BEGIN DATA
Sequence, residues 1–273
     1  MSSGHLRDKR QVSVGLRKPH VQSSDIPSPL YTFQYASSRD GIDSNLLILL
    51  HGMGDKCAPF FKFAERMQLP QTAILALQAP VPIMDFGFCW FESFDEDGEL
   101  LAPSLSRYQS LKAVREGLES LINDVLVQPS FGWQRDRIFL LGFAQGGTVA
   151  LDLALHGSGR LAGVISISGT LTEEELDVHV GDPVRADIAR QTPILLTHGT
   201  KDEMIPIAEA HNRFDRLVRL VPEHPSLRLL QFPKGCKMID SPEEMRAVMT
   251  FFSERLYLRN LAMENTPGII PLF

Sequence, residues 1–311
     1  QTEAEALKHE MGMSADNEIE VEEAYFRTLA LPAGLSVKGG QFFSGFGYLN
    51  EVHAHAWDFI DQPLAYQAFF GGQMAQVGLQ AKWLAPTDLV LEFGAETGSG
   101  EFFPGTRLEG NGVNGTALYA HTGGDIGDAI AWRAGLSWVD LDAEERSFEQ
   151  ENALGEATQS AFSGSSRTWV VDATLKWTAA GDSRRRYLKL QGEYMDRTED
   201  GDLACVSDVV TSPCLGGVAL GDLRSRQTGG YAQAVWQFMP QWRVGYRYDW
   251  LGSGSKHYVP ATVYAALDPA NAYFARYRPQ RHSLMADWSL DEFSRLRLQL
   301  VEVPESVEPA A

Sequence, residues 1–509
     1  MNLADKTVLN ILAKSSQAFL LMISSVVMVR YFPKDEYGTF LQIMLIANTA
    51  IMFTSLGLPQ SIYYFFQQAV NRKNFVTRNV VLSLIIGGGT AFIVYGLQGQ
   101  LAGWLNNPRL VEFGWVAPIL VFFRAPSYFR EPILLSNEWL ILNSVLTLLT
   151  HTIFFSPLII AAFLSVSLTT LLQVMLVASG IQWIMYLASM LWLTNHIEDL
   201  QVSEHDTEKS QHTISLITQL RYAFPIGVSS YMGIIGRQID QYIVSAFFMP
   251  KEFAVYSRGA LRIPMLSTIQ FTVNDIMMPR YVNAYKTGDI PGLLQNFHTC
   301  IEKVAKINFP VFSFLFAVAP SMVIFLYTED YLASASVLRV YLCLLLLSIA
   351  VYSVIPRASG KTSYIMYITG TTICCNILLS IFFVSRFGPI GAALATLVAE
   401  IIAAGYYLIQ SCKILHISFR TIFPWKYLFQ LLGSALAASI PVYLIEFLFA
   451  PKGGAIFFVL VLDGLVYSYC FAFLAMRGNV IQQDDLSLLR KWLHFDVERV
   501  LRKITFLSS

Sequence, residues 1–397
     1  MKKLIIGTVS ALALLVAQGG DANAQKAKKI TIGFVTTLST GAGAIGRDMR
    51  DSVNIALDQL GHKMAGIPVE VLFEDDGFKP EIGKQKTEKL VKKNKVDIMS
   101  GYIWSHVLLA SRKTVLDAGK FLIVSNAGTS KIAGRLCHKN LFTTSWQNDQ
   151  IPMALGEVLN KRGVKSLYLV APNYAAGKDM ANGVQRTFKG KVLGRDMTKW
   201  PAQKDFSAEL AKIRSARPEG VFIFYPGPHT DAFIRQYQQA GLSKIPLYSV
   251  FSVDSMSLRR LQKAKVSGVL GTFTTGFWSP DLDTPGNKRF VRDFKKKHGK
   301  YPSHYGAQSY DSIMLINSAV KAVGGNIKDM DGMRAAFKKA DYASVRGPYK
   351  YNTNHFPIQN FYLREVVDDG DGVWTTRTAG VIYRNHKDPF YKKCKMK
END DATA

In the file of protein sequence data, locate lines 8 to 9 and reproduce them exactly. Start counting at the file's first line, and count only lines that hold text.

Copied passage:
Sequence, residues 1–311
     1  QTEAEALKHE MGMSADNEIE VEEAYFRTLA LPAGLSVKGG QFFSGFGYLN